The surprise departure this week of Disney COO Thomas Staggs may have significant implications for ESPN. For one thing, it creates substantial uncertainty about Disney’s succession plan: Staggs was seen as the favorite to succeed current Disney CEO Bob Iger when Iger’s contract expires in 2018, but his exit “sends Disney’s CEO succession plan back to square one,” and whoever eventually replaces him as Disney’s planned next CEO will have a lot of control over ESPN’s direction and future. For another thing, it means ESPN president John Skipper (along with other division heads) is now reporting directly to Iger rather than in a dual report to Iger and Staggs. Perhaps most importantly in the immediate future, though, it takes away a key Disney figure who wasn’t at all keen on the idea of selling ESPN on a standalone over-the-top basis, and that might help push ESPN from talk to action there. Here’s what Staggs said about over-the-top ESPN at the Bank of America/Merrill Lynch Media, Communications & Entertainment Conference in September:

Answering a question at the conference, Staggs said he thought that sharp downturn in Disney stock, which dropped from more than $121 a share to $108 on the news, was overblown. “I think, yes, the market overreacted,” Staggs said. “We feel good about where we sit. ESPN continues to be one of the most important and valuable brands in programming.”

Disney’s No. 2 executive, who rose to that position seven months ago behind CEO Robert Iger, said he thought that ESPN’s trove of sports rights deals had been underestimated. Some of the arrangements stretch all the way to 2030. He cited tennis’s ongoing U.S. Open and the recent resumption of college football as two strong franchises for ESPN, on both old and new platforms. The audience for college football digitally, via Watch ESPN, was up 60% on opening weekend, he said by way of example.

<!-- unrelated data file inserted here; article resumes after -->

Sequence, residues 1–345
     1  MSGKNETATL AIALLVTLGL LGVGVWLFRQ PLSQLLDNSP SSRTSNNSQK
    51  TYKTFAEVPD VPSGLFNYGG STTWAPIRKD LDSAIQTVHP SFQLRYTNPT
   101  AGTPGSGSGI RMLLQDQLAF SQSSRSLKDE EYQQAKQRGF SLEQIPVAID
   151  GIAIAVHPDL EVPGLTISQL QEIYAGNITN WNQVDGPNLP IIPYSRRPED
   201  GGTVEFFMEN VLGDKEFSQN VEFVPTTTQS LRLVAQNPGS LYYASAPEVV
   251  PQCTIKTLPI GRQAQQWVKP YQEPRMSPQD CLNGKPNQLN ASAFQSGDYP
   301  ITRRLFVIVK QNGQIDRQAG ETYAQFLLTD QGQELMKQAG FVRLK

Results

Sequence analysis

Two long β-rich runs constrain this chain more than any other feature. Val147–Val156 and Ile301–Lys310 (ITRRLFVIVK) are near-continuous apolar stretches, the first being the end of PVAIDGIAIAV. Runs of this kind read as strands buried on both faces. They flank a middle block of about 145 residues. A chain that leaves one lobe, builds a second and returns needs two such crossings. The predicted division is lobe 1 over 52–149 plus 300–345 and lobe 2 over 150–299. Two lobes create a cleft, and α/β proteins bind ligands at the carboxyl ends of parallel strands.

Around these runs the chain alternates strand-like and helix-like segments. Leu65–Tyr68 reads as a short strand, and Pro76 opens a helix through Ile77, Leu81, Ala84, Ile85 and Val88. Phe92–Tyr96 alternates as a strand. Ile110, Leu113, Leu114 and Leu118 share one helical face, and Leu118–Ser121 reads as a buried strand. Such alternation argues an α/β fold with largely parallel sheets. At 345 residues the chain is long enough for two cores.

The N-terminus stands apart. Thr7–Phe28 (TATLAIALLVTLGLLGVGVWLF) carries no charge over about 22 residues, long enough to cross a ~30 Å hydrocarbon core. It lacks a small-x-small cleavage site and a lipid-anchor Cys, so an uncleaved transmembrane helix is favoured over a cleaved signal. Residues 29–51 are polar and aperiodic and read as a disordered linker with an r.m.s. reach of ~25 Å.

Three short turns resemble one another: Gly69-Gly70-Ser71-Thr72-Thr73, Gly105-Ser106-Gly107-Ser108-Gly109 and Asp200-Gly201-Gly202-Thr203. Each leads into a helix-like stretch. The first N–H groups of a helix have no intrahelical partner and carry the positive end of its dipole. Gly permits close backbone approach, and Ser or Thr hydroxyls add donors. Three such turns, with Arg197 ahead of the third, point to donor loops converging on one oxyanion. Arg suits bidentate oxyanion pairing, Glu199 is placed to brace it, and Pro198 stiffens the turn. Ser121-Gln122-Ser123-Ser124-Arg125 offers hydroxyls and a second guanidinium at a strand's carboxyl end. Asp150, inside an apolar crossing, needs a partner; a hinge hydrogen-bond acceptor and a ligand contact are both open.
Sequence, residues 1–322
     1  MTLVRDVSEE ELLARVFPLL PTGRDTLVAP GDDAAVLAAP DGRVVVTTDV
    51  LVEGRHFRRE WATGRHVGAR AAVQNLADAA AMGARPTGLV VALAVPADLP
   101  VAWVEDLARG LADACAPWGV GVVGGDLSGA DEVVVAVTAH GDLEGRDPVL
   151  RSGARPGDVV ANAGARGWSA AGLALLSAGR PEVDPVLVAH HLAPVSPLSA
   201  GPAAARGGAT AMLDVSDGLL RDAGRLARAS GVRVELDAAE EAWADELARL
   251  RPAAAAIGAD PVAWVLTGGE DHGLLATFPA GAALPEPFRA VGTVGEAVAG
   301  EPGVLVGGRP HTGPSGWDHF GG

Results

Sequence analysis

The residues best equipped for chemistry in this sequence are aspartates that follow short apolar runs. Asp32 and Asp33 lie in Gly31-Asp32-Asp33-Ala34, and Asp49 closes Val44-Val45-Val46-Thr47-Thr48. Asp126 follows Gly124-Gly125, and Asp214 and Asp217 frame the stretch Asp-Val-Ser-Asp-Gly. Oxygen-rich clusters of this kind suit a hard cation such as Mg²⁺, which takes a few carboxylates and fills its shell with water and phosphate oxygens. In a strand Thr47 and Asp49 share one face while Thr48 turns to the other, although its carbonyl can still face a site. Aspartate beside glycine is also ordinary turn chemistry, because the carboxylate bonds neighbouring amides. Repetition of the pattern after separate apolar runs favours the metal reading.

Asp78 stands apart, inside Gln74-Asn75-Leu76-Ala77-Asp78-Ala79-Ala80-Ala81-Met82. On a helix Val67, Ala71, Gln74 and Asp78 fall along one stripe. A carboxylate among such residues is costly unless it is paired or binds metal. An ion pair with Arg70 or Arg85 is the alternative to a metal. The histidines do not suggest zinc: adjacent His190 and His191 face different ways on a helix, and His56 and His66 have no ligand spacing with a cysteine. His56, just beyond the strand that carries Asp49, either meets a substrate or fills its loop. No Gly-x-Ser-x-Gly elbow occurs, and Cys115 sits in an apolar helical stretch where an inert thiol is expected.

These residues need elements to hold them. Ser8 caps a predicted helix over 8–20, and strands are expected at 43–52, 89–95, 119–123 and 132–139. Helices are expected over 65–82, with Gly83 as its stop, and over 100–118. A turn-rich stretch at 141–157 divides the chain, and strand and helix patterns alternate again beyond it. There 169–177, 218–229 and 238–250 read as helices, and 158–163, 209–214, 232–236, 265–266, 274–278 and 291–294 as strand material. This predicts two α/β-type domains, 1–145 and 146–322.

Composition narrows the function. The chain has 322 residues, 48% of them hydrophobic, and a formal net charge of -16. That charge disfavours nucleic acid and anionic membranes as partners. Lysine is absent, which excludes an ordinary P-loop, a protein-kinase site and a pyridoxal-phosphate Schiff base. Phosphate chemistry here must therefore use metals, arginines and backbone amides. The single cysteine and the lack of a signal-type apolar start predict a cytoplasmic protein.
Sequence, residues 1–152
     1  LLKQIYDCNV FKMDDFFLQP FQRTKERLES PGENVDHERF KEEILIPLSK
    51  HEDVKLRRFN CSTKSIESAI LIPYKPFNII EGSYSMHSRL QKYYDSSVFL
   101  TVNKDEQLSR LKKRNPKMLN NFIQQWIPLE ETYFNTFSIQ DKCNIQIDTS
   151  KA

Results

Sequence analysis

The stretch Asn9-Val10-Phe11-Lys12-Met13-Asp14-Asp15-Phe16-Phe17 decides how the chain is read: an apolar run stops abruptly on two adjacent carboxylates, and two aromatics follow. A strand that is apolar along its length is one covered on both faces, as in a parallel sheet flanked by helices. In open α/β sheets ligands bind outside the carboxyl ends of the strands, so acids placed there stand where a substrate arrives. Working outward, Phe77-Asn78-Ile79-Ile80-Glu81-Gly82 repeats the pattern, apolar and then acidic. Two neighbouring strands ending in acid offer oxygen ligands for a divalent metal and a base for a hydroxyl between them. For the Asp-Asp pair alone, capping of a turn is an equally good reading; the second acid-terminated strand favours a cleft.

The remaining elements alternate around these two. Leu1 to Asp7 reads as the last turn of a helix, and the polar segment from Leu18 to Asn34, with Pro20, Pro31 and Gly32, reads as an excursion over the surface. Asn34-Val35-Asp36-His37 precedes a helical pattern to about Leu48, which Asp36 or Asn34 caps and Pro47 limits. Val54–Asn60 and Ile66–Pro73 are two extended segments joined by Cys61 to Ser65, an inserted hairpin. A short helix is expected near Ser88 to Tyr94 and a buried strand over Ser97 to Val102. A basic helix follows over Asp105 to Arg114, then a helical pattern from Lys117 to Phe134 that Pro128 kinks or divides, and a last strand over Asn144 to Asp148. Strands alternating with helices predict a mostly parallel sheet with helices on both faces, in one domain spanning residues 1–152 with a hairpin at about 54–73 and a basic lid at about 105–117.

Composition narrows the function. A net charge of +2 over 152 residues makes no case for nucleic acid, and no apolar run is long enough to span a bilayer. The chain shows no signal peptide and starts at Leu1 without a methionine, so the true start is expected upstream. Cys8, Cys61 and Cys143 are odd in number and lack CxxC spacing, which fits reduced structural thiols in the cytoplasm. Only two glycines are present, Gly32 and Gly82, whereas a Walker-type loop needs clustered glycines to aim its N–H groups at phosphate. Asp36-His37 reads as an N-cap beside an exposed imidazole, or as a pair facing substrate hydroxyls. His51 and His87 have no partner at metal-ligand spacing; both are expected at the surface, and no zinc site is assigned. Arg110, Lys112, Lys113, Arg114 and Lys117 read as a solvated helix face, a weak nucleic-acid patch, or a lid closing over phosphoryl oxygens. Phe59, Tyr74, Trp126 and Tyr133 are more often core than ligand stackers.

Staggs said that the advance of viewing online led some analysts to believe that television’s decline was more rapid than it is. Ratings showed that most digital users continue to consume most of their sports content via traditional linear television. “People sometimes think of this as a zero-sum game, more than is appropriate,” Staggs said, adding later: “We continue to believe in the value and appeal of the multi-channel bundle and that value and that appeal is going to continue for some time.”

In February, Staggs told Ben Fritz of The Wall Street Journal that he had “spent a great deal of time on media networks recently, focusing on the future of television.” His comments there seemed to show a little softening on the direct-to-consumer approach, but also indicated it still wasn’t the main TV focus for him:

It’s not so much a change of thinking. For the past few years, our business has been leaning toward the brands and products consumers seek a relationship with. There is an increasing opportunity to take advantage of the strength of those brands and to reach consumers more directly.

We just mentioned on our last earnings call, however, that we think for the foreseeable future the bundle of programming is going to be the predominant way people get their television. Some people might view that as a contradiction. It’s not. That bundle can be strong even as we’re taking advantage of opportunities to have direct relationships with consumers.

Staggs’ exit doesn’t necessarily mean ESPN will be going over-the-top any time soon. There’s substantial debate still about how effective and cost-efficient that approach is, with some analysts saying it won’t work for ESPN at all, and you can bet they’ll be keeping a close on how Rogers Sportsnet’s new OTT service in Canada performs. Whoever replaces Staggs may share his views or be even more inclined towards emphasizing traditional bundles (or skinny bundles, where ESPN has recently increased their presence), so this may not lead to OTT ESPN.

However, Iger himself has seemed more optimistic about the idea of direct-to-consumer sales. Thus, Staggs’ exit may trigger further movement in that direction. That could be the biggest short-term implication for ESPN. The biggest long-term one is who will take Staggs’ role, and what they’ll want to do with Disney’s sports side. At the moment, about all we know there is that there are likely to be big changes coming.


About Andrew Bucholtz

Andrew Bucholtz has been covering sports media for Awful Announcing since 2012. He is also a staff writer for The Comeback. His previous work includes time at Yahoo! Sports Canada and Black Press.

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